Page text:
Windows 8 grabs more market share, but so do older versions

Windows 8 keeps clawing its way up the market share charts, but not at the expense of Windows 7 or Windows XP.

According to Netmarketshare, Windows 8’s market share now stands at 5.4 percent, up 0.3 percent from a month ago when it finally surpassed Windows Vista. Once again, Vista’s market share declined last month, this time by about 0.38 percent, to a total of 4.24 percent.

Meanwhile, Windows 7 and Windows XP are holding strong. In fact, Windows 7’s market share increased last month by 0.12 percent, and Windows XP saw a 0.02 percent bump in market share despite the looming end of XP support by Microsoft. Both Windows 7 and XP remain the most widely-used operating systems by far, with 44.49 percent and 37.19 percent of the market, respectively, according to Netmarketshare.

Netmarketshare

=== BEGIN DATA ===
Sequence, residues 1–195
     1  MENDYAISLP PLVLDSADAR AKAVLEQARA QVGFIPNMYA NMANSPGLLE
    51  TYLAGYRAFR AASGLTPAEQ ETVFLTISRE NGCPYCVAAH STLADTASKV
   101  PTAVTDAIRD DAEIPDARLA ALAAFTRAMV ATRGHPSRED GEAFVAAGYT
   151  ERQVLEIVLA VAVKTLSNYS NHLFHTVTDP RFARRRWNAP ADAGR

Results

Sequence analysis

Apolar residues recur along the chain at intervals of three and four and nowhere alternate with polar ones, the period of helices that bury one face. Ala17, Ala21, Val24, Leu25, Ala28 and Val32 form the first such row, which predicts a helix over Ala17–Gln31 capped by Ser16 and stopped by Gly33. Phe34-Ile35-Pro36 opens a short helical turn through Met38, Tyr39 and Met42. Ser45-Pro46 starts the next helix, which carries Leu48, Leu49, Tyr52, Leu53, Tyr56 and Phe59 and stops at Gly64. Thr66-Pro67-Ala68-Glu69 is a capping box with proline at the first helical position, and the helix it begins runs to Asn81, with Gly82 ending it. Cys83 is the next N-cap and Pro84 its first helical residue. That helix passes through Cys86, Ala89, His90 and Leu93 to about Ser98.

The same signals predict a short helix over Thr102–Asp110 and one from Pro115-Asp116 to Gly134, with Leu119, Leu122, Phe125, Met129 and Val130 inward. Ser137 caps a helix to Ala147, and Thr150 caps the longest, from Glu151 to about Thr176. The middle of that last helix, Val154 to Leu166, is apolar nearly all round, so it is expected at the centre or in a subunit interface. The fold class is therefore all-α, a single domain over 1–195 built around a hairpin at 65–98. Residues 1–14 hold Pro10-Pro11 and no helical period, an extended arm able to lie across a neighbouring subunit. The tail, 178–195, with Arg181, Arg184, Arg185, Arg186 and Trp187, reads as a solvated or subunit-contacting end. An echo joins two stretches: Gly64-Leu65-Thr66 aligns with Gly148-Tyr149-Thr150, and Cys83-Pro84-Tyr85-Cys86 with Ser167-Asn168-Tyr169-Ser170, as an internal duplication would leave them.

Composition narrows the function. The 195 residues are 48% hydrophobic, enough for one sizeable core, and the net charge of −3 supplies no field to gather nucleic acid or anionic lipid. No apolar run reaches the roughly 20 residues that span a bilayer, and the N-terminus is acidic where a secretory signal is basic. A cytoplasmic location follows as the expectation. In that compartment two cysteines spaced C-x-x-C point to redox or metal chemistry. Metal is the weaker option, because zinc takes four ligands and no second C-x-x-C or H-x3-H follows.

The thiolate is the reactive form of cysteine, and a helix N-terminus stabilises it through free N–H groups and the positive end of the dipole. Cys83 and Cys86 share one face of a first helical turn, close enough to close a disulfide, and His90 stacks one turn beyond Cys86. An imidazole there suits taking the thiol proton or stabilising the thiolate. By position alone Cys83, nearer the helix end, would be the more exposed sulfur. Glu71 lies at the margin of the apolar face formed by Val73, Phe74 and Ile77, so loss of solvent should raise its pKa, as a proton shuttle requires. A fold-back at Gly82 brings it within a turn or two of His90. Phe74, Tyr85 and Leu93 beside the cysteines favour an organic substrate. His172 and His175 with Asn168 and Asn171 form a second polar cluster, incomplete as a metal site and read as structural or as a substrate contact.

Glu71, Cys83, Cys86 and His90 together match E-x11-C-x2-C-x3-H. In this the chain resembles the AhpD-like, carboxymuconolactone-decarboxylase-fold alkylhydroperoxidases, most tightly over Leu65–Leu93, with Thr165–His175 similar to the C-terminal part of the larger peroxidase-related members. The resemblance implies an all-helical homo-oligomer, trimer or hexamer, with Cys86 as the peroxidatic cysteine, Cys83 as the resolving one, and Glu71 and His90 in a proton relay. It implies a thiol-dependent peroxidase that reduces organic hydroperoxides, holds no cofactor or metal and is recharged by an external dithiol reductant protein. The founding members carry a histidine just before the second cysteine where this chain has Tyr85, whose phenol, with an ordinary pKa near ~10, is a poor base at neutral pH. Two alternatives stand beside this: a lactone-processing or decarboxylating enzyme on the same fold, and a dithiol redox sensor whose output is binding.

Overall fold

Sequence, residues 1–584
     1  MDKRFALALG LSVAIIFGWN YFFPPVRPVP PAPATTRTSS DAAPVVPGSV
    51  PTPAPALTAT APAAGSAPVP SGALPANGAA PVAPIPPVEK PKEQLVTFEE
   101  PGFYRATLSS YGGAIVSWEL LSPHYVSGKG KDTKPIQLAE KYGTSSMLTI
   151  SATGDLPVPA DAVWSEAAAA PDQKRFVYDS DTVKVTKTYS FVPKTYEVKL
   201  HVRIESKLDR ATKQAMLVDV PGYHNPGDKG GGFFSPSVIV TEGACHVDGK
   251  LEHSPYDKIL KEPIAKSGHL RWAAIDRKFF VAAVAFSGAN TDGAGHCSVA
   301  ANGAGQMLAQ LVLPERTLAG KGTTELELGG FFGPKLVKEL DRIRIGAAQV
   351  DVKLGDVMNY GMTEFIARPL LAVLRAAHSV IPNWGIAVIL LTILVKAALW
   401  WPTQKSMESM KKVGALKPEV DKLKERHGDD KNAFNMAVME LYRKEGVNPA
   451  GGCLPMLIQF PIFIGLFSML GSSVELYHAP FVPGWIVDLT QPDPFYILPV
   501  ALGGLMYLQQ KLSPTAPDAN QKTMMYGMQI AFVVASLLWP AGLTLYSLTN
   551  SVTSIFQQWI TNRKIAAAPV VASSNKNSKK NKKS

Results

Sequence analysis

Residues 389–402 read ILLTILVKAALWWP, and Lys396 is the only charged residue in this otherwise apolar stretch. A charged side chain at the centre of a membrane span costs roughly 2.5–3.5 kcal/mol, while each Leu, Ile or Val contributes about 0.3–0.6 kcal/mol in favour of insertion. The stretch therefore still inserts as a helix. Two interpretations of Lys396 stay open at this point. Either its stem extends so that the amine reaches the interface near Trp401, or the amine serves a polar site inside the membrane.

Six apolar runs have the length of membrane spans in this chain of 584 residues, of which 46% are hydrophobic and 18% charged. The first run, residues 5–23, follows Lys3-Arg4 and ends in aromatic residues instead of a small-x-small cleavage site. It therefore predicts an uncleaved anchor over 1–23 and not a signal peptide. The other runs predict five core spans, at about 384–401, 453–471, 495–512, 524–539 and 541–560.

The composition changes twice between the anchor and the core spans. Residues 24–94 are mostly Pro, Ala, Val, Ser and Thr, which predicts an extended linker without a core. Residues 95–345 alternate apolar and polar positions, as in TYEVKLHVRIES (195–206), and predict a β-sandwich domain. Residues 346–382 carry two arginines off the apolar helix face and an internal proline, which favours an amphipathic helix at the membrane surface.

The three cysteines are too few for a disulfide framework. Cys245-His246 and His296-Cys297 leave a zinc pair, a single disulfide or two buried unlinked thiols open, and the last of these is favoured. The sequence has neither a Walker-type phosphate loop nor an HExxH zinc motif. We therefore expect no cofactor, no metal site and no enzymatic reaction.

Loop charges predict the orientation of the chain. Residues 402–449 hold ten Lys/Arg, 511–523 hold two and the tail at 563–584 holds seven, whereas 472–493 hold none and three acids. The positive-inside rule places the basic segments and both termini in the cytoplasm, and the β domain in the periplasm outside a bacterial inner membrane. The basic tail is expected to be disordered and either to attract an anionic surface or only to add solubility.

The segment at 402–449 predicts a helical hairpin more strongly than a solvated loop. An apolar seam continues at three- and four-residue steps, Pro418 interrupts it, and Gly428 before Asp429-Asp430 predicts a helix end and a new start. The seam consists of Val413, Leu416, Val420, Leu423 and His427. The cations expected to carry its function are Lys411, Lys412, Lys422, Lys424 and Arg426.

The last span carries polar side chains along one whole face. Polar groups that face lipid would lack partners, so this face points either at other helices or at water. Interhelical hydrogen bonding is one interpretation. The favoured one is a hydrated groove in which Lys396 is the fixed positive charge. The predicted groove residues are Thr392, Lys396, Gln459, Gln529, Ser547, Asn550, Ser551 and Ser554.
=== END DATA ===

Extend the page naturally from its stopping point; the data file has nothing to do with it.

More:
Windows 7 and Windows XP lead in market share over other versions of Microsoft Windows.

In other words, any market share that Windows 8 gained last month appears to be at the expense of Windows Vista.

While it’s not surprising that users are eager to upgrade from the widely-panned operating system, getting people to switch from XP or Windows 7 may be tougher for Microsoft, especially among users who want to stick with a traditional desktop interface.

Windows 8.1 will make some concessions for those users, with the return of the Start button, a boot-to-desktop option, quicker access to advanced desktop functions, and a way to prevent modern-style menus from popping up during desktop use.

But ultimately, Microsoft and PC makers must convince the masses that they need to upgrade their hardware to touch-enabled laptops, hybrids, or desktops. Cheaper touchscreen devices could help on that front, but it’ll likely be a while before the market share needle moves much for Windows XP and Windows 7.

For comprehensive coverage of the Android ecosystem, visit Greenbot.com.

Shop ▾
arrow up Amazon Shop buttons are programmatically attached to all reviews, regardless of products' final review scores. Our parent company, IDG, receives advertisement revenue for shopping activity generated by the links. Because the buttons are attached programmatically, they should not be interpreted as editorial endorsements.

Subscribe to the Windows Tips & Trends Newsletter

Comments